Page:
1920–1922
Prince of Denmark
Prince of Schleswig-Holstein-Sonderburg-Glücksburg
Alexander of Greece 1893–1920 1917–1920 Prince of Denmark
Prince of Schleswig-Holstein-Sonderburg-Glücksburg
George II of Greece 1890–1947 1922–1924
1935–1947
Prince of Denmark
Prince of Schleswig-Holstein-Sonderburg-Glücksburg
Paul of Greece 1901–1964 1947–1964 Prince of Denmark
Prince of Schleswig-Holstein-Sonderburg-Glücksburg
Constantine II of Greece 1940– 1964–1973 Prince of Denmark
Prince of Schleswig-Holstein-Sonderburg-Glücksburg
Titular
Portrait Name Life Reign Additional titles
Constantine II of Greece 1940– 1973– Prince of Denmark
Prince of Schleswig-Holstein-Sonderburg-Glücksburg

The heir apparent is Pavlos, Crown Prince of Greece (b. 1967). See the present line of succession

Norway

King of Norway

In 1905 and with the name Haakon VII, Prince George I of Greece.

Portrait Name Life Reign Additional titles
Haakon VII of Norway 1872–1957 1905–1957 Prince of Denmark
Prince of Schleswig-Holstein-Sonderburg-Glücksburg
Olav V of Norway 1903–1991 1957–1991 Prince of Denmark
Prince of Schleswig-Holstein-Sonderburg-Glücksburg
Harald V of Norway 1937– 1991– Prince of Denmark
Prince of Schleswig-Holstein-Sonderburg-Glücksburg

The heir apparent is Crown Prince Haakon of Norway (b. 1973). See the present line of succession.

Iceland

King of Iceland

In 1918, Iceland was elevated from an autonomous Danish province to an separate Kingdom of Iceland. King Christian X of Denmark was henceforth King of Denmark and Iceland. This lasted until 1944, when Iceland dissolved the union between the two countries. Christian X was the only monarch to hold a distinct Icelandic title, and used the same CX cypher and the same regnal number as in Denmark.

Portrait Name Life Reign Additional titles
Christian X of Iceland 1870–1947 1918–1944 King of Denmark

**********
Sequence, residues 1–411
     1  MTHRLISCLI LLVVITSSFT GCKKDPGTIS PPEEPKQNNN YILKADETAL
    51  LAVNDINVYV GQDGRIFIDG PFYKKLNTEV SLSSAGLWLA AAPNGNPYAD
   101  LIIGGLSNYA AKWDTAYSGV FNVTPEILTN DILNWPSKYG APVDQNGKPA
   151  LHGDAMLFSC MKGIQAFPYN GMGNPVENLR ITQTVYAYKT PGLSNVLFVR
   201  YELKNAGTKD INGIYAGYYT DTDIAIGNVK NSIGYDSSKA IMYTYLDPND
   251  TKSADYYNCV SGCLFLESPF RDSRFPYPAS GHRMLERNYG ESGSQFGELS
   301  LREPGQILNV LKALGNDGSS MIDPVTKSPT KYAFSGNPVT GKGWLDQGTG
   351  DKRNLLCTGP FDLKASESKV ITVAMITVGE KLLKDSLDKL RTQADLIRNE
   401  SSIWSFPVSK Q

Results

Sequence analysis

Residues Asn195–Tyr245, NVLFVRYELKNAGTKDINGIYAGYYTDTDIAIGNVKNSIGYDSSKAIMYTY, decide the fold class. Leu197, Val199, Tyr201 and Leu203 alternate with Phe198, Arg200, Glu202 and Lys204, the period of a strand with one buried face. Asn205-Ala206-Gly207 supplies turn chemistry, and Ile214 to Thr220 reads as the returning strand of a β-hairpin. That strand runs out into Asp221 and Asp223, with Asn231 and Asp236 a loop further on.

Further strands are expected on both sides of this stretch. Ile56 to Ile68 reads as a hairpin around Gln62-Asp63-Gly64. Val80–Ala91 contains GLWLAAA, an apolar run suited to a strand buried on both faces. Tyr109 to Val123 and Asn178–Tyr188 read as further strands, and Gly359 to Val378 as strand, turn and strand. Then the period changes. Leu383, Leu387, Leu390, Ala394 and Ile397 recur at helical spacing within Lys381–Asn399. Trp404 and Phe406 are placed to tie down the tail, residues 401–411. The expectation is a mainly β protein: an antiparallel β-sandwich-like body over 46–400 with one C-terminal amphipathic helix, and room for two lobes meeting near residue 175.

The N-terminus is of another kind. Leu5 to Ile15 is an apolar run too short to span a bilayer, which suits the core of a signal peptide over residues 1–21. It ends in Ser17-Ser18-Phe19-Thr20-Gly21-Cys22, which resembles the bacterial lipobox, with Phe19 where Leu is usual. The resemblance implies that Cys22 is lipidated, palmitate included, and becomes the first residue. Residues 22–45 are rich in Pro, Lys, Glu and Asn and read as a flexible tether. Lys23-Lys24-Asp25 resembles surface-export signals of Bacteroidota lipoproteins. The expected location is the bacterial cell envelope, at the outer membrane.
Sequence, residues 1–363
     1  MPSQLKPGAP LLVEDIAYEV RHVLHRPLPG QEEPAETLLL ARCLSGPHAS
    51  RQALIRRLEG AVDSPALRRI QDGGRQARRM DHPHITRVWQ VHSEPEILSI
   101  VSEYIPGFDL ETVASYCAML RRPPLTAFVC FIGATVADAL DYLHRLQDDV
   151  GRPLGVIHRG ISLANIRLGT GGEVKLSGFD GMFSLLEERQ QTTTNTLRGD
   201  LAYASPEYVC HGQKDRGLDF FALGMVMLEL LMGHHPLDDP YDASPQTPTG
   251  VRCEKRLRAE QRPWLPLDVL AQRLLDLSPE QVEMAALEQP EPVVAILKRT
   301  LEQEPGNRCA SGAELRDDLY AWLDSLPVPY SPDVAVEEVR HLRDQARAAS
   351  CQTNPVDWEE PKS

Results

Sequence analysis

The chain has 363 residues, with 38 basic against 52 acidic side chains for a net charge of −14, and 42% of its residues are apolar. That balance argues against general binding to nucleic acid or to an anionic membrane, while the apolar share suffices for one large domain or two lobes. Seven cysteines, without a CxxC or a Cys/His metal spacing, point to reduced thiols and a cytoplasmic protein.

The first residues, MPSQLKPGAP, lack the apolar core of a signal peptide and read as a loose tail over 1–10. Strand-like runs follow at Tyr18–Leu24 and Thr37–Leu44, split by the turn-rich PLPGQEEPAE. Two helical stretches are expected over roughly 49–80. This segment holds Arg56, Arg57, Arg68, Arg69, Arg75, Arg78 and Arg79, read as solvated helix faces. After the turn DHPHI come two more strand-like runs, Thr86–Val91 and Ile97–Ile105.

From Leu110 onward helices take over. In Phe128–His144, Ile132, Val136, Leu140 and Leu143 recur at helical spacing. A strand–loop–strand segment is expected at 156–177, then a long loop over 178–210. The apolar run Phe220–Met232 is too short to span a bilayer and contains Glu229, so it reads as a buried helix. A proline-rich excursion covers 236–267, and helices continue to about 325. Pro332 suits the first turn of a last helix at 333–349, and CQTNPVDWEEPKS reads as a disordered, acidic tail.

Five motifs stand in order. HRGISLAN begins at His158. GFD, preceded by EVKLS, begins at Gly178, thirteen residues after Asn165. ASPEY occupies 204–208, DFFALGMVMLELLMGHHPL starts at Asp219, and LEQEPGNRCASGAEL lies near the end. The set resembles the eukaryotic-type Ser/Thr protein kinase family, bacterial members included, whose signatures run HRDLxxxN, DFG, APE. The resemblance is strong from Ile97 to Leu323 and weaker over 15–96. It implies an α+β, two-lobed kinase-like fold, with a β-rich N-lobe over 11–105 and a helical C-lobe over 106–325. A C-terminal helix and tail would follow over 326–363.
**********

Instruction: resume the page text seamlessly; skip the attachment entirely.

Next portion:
King of the Wends
King of the Goths
Duke of Schleswig, Holstein, Stormarn, Dithmarschen, Lauenburg and Oldenburg

The heir apparent was his son Frederick IX of Denmark (1899–1972).

Great Britain and Northern Ireland

Duke of Edinburgh

Coat of arms of the Duke of Edinburgh

In 1947, line of succession to the British throne are held by descendants of the Duke of Edinburgh.

Portrait Name Life Reign Additional titles
Philip Mountbatten, Duke of Edinburgh[2] 1921– 1947– Earl of Merioneth
Baron Greenwich

The heir apparent is Charles, Prince of Wales (b. 1948).[4]

Family tree

Family Tree of house of Oldenborg and its cadet branch the house of Glucksborg and its branches

See also

  • House of Oldenborg (Danish)

Notes and references

  1. ^ "Prince Philip beats the record for longest-serving consort". The Scotsman (Edinburgh). 18 April 2009. Retrieved 6 September 2012. 
  2. ^ a b Michel Huberty, L'Allemagne dynastique, Volume 7, Giraud, 1994, ISBN 2-901138-07-1, ISBN 978-2-901138-07-5
  3. ^ Francois Velde. "Royal Styles and Titles – 1960 Letters Patent". Heraldica.org. Retrieved 6 September 2012. 
  4. ^ Whilst the letter patent states that the Dukedom is to be inherited by the (eldest) heir male of the body lawfully begotten, i.e. by the current Prince of Wales, it was announced in 1999 that Prince Edward, Earl of Wessex, i.e. a younger brother of the Prince of Wales, would follow his father as Duke of Edinburgh. Pending changes to that effect, the Prince of Wales is currently the heir apparent according to the letter patent.

External websites

  • Castle of Glücksburg
  • Royal House of Denmark
  • Royal House of Norway